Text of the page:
A leaked plan on the Telegraph reveals the government's target to inoculate 11 million under 18s by the start of the fall term, ahead of what was previously scheduled for children.
The more jabs given out the better?
The proposal to vaccinate children is backed up by the belief that the more inoculation is provided to an entire population the faster we will eradicate the virus and, by extension, get out of restrictions and lockdowns. In particular, Dr. Adam Finn, a paediatrician on the government's jabs committee, said:
Children constitute close to quarter of the population, so even if we could achieve 100 per cent uptake of vaccines across the adult population, it only gets you to 75 per cent coverage.
Although no confirmation has officially been made, the government is waiting for an important study on child vaccination from Oxford University to come out this summer before making a final decision as to when children will receive the jab, if at all.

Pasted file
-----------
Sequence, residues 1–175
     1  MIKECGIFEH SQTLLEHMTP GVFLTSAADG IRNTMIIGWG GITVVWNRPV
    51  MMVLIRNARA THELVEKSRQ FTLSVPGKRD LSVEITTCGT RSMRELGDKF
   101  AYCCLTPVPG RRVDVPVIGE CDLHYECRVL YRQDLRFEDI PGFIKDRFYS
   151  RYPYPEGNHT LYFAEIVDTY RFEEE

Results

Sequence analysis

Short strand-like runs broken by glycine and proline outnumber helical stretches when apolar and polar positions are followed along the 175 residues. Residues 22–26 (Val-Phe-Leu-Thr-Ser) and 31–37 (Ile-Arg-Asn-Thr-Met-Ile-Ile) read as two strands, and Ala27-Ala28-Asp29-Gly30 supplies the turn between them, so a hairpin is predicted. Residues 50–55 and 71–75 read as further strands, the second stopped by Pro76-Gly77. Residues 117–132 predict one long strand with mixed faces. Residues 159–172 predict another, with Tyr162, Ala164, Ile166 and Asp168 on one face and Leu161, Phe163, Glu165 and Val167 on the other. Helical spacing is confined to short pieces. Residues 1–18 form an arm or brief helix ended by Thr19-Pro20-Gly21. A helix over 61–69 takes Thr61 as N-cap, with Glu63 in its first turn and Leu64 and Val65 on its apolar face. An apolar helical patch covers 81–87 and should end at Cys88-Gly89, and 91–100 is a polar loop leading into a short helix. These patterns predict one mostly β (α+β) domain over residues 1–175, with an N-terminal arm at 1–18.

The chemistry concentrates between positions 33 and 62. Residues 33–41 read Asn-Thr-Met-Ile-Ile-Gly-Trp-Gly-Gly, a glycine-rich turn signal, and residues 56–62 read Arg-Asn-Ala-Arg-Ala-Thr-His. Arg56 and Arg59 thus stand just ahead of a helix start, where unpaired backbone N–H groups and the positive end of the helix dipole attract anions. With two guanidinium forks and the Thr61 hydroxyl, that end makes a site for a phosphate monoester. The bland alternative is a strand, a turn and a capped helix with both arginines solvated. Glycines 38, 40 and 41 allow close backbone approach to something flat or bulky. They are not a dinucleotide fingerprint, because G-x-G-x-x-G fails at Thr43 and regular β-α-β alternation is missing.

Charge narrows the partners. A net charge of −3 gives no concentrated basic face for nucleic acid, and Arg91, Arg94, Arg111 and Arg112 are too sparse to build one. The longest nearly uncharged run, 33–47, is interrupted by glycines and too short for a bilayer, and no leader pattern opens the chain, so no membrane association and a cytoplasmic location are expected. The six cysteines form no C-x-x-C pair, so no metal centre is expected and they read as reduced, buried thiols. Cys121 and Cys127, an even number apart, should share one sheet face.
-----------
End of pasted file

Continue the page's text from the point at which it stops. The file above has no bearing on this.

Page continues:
Earlier this week, PM Boris Johnson announced fears of a potential resurgence of the virus as death tolls have increased by two percent and cases in some parts of Western Europe—namely France and Italy—have been dangerously on the rise.
Is vaccinating children truly necessary?
But this will be cause for controversy as it has been proven that the coronavirus only poses a very marginal threat to kids, leading many to believe that resources should be allocated elsewhere. And this is only strengthened by academics' claim that children do not contribute in the spread of the virus.
According to figures provided by Public Health England (PHE), the risk of dying from the coronavirus is of 1,513 per 100,000 people over 80 years of age. Meanwhile, for children aged between five and nine, the ratio of death to infections drops dramatically to 0.1 per 100,000.